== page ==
What Does a Copperhead Snake Look Like
One of the most widespread snakes in North America, the copperhead is absent from the Great Lakes and most of Florida.

©Breck P. Kent/

Copperhead snakes of the south grow up to 40 inches long. They have venomous bites, though they’ve never been responsible for a human fatality. These snakes are light brown with characteristic hourglass shaped dark brown bands. They have medium heavy bodies, with triangular heads and vertically elliptical pupils. Copperheads often hide under buildings, near building debris, or beneath bushes or other vegetation. They mainly eat small mammals, like mice, gophers, and rats.

4. Central Florida Crowned Snake

Florida Crowned Snake Tantilla relicta
This snake of the south has one of the smallest ranges of all North American snakes.

©Alessandro Catenazzi / Creative Commons – License

Central Florida crowned snakes are tiny, with adults growing only to nine inches long. They only live in certain parts of central and eastern Florida. These snakes are very pale in color, with jet black heads. They’re fossorial, which means they spend most of their time underground. Central Florida crowned snakes eat mostly insects, like worms. They’re nonvenomous and rarely seen by people.

3. Cottonmouth (Water Moccasin)

Side view of a Cottonmouth snake, ready to strike. The snake has a large spade-shaped head.
One of the most infamous snakes of the south, the cottonmouth gets its name from the cottony white inside of its mouth.


Cottonmouths are highly venomous members of the pit viper family. They have broad, triangular heads with large venom glands, vertically elliptical pupils (like a cat’s eyes), and fangs. They’re typically dusky brown or gray, with darker hexagonal bands. Cottonmouths grow up to four feet long. They’re known to aggressively stand their ground when humans threaten or approach them. They eat a wide variety of prey, including baby alligators, baby turtles, birds, frogs, lizards, snakes, and small mammals.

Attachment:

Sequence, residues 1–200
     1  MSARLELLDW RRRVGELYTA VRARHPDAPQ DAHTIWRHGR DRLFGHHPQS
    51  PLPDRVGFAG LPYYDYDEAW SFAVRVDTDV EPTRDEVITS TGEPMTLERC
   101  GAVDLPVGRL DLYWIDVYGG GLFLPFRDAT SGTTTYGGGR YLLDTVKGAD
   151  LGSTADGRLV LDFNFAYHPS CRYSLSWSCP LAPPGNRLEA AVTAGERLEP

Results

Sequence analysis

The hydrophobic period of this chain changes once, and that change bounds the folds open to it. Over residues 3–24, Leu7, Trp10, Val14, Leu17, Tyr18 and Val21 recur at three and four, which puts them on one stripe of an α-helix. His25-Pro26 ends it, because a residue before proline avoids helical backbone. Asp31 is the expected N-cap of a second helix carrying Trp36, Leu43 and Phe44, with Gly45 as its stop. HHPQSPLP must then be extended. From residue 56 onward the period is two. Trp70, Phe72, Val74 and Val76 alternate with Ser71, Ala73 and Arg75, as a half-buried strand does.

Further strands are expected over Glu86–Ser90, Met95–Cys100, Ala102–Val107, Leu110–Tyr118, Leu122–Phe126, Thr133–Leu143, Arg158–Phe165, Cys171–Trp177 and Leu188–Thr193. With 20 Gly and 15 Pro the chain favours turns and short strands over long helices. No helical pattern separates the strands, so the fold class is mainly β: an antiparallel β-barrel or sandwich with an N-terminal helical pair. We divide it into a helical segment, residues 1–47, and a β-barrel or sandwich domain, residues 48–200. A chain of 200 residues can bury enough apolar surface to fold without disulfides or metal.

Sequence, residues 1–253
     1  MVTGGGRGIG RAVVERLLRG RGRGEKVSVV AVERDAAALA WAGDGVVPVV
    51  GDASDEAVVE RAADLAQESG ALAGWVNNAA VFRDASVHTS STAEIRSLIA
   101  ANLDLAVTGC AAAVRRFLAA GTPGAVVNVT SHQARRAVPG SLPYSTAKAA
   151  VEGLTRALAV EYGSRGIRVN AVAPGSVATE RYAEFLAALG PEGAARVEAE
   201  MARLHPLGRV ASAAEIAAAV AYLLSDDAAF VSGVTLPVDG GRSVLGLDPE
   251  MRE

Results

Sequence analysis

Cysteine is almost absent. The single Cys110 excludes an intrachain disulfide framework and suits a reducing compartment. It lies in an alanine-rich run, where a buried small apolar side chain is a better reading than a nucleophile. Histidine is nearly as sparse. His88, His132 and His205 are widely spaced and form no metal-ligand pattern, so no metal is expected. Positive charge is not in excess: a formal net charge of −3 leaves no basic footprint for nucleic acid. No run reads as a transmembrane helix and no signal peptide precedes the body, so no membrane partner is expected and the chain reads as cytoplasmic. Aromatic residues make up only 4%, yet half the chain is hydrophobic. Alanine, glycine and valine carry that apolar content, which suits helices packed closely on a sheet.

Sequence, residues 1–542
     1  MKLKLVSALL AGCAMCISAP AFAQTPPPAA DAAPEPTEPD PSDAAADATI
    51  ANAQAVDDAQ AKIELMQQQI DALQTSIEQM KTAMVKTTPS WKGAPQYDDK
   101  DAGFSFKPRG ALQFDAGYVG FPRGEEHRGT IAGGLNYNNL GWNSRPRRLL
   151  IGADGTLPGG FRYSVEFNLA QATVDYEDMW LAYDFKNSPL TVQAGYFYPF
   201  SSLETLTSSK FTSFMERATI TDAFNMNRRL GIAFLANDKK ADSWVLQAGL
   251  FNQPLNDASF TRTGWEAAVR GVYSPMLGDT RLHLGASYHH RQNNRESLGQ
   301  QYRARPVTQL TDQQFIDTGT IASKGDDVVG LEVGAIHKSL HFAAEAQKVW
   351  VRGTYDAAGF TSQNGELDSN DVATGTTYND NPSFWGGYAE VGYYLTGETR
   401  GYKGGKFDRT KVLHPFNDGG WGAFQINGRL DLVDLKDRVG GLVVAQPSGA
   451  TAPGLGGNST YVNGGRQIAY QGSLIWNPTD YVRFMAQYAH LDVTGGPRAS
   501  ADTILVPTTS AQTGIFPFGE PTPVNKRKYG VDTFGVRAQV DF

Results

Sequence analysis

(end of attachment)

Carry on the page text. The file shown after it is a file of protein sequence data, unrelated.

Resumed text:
2. Black Swamp Snake

Black Swampsnake
At birth, black swamp snakes are only 2-3 inches long.

©Peter Paplanus / flickr – License

Black swamp snakes of the south grow up to 22 inches long. They have heavy bodies with narrow heads and black eyes. Their backs and sides are dark brown or black, while their bellies are bright red and lack markings. They live in the southeastern United States, where they spend most of their time in the water. These snakes eat frogs, tadpoles, and small fish. 

1. Coral Snake 

Eastern coral snake (Micrurus fulvius) are graceful, slender snakes whose length ranges between 2 and 3 feet when they’re mature.
One of the most venomous snakes of the south, the coral snake is found only in the southeastern United States.

©Patrick K. Campbell/

Coral snakes are beautiful and deadly. They live in the extreme southeastern part of North America. These snakes grow up to four feet long, with narrow bodies and head the same width as their bodies. They’re black, with narrow yellow stripes bordering thicker red stripes. Despite their lethal bite, coral snakes are shy and rarely encountered by humans. They eat mostly other snakes and lizards, and live on the ground, near freshwater.

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A Harlequin Snake on a white background
Harlequin Snakes, also known as Coral Snakes, have alternating bands of black, red, and yellow.
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About the Author

Brandi is a professional writer by day and a fiction writer by night. Her nonfiction work focuses on animals, nature, and conservation. She holds degrees in English and Anthropology, and spends her free time writing horror, scifi, and fantasy stories.